Thu 21 May 2020
‘Kindness’ has emerged as a key word and social value since the onset of the COVID-19 crisis, making it a particularly appropriate theme for this year’s Mental Health Awareness Week. From the ‘Clap for Carers’ ritual each Thursday night and the one million sign-ups for the NHS volunteer scheme, to the small unseen good deeds passing between neighbours, family members and friends in recent weeks, Goethe’s observation that kindness is ‘the Golden Chain by which society is bound together’ rings truer than ever before.
This shift in societal feeling and behaviour is accompanied by a desire for such practices and mindsets to be sustained beyond the end of lockdown -- a YouGov survey for the Mental Health Foundation in April 2020 found that 72% of UK adults agreed with the statement that ‘It’s important that we learn from this crisis in order to be more kind as a society’.
The positive social and societal benefits of kindness -- whereby positive relationships and connections are forged, and social harmony is created and sustained -- are significant. There are numerous personal benefits to acts of kindness too; from boosting energy levels, lifespan and happiness, alongisde the ‘love’ and ‘happiness’ hormones, oxytocin and serotonin, to decreasing stress, anxiety, pain, blood pressure and depression.
This is all important to bear in mind in the coming weeks and months, as mental health will continue to come under strain, across our nation and workforce. In regular times, mental health is the third most significant cause of absence in UK workplaces, affecting one in four adults. However, in the midst of the current global crisis and its aftermath, it is crucial that mental wellbeing is of special concern to individuals, communities and organisations alike. In this current crisis, those with pre-existing mental health issues may be particularly affected, whilst some people may experience poor mental health for the first times in their lives.
To provide guidance on supporting one’s own mental wellbeing and that of others, Dods D&I compiled a free online agenda for Mental Health Awareness Week, which you can find here. The agenda consisted of five video contributions from several of our most popular expert speakers, who provide guidance and insight. Below, you can find a snapshot of some of the wisdom shared:
1. We all in the same storm, but in different boats: Santander UK’s Wellbeing Lead Drew Baxter-Gibson reminded us of this fact, in his contribution on supporting staff in different contexts. Our perspectives all are unique, meaning that, despite shared circumstance, our individual experiences all differ. Acknowledging this is key to empathy.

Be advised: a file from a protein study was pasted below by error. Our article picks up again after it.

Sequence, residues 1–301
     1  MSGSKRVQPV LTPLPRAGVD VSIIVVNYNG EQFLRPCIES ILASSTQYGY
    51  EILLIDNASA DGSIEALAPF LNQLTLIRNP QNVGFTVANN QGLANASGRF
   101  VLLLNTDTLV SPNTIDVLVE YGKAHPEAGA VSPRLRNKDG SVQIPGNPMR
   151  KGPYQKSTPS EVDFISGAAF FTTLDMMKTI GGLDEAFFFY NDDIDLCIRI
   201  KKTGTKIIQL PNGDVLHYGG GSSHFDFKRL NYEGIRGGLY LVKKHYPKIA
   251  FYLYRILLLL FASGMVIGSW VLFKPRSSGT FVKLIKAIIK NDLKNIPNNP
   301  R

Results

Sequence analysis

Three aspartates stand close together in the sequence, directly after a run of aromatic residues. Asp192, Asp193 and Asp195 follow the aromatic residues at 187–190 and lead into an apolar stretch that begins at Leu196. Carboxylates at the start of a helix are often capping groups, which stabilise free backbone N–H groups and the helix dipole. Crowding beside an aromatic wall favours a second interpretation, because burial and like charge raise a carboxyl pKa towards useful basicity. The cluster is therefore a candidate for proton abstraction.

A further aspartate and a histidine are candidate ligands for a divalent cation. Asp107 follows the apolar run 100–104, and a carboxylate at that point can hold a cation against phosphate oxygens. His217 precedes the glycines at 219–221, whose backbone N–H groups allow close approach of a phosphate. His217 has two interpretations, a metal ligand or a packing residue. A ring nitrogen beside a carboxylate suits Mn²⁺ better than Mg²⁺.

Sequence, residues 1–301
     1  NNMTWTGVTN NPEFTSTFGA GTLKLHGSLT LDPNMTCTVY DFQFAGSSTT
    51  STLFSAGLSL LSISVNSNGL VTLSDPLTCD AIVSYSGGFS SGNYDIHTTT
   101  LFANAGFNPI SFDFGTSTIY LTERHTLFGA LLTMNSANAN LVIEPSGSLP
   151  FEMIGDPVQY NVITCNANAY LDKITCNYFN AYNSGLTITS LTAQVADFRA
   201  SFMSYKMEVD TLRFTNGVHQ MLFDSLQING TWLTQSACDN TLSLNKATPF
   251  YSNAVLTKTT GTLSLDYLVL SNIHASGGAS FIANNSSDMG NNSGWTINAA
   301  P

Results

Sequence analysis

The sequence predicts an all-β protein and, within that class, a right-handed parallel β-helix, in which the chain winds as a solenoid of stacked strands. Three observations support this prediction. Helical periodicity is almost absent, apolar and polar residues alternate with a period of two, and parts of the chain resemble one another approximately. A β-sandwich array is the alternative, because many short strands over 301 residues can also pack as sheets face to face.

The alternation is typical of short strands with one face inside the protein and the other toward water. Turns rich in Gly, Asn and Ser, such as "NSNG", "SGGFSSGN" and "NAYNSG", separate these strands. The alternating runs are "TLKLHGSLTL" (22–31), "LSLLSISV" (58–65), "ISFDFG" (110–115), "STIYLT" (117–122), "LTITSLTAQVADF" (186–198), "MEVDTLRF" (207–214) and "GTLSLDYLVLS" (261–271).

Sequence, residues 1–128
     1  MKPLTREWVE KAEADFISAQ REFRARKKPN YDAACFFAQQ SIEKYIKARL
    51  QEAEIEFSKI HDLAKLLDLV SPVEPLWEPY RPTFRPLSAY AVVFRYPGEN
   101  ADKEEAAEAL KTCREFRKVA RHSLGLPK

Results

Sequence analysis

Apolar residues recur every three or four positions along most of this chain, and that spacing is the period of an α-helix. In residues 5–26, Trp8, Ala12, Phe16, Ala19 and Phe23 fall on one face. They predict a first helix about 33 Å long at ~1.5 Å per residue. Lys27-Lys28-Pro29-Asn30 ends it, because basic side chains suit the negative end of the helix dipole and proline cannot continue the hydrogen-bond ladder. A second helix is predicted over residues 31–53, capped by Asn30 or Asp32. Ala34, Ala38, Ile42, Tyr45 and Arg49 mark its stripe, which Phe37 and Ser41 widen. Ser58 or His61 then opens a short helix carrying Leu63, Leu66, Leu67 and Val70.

2. Awareness and acknowledgement key to resilience, both in ourselves and others: Mindset Coach Susie Ramroop, in her presentation on resilience, explained that in order to ‘bounce back’ from adversity, it is vital that we reframe how we understand the difficulty we face. Awareness and acknowledgement are fundamental to this reframing.
3. Love, kindness and compassion are crucial bases for positive mental health: Leatham Green, Chief Executive of the Mindful HR Centre and PPMA Executive Director, emphasised that starting from a place of kindness and empathy for yourself allows us to stay closer to the values that give our lives and work meaning. These qualities influence actions, thoughts and conversations, making deeper and more authentic relationships with others possible. Our own mental wellbeing is protected over time, as a result, whilst also enabling us to empathise with others and to provide the psychological safety which mentally ill-colleagues and loved ones need, in order to recover.
4. Quality attention enables active listening: Emma Mamo, Head of Workplace Wellbeing at Mind, highlighted that providing and demonstrating undivided attention is crucial, in enabling others to open up. From ensuring all distractions are eliminated, and maintaining eye contact and making affirmational listening noises, to refraining from jumping in with solutions and questions, Emma provided valuable pointers for facilitating important and potentially difficult conversations.
5. Making organisations kinder should be a key focus for HR: Tony Vickers-Byrne, member of the National Forum for Health and Wellbeing at Work and retired Chief Advisor for HR Practice at CIPD, addressed the topic compassionate management. Tony used anecdotes about care given by the NHS to illustrate how small acts of care and kindness can affect and stay with people over time with anecdotes about care given by the NHS, and ultimately made the point that kindness ought to be an integral goal of HR going forwards.
Supporting Mental Health in the Workplace London will take place in Central London on 21 November 2020. Actionable insight will be provided by expert speakers, and delegates will come away with a firm understanding of policy and best practice to support mental health at work.
Mental Health Foundation, 'Why kindness matters in public policy', (May 2020), https://www.mentalhealth.org.uk/campaigns/mental-health-awareness-week/kindness-policy-asks
Random Acts of Kindness, 'Kindness Health Facts', https://www.dartmouth.edu/wellness/emotional/rakhealthfacts.pdf
Rowland, Lee, 'Kindness – society’s golden chain?', (February 2018). British Psychological Society, https://thepsychologist.bps.org.uk/volume-31/february-2018/kindness-societys-golden-chain
Svoboda, Elizabeth, 'Pay it Forward', (July 2006). Psychology Today, https://www.psychologytoday.com/gb/articles/200607/pay-it-forward
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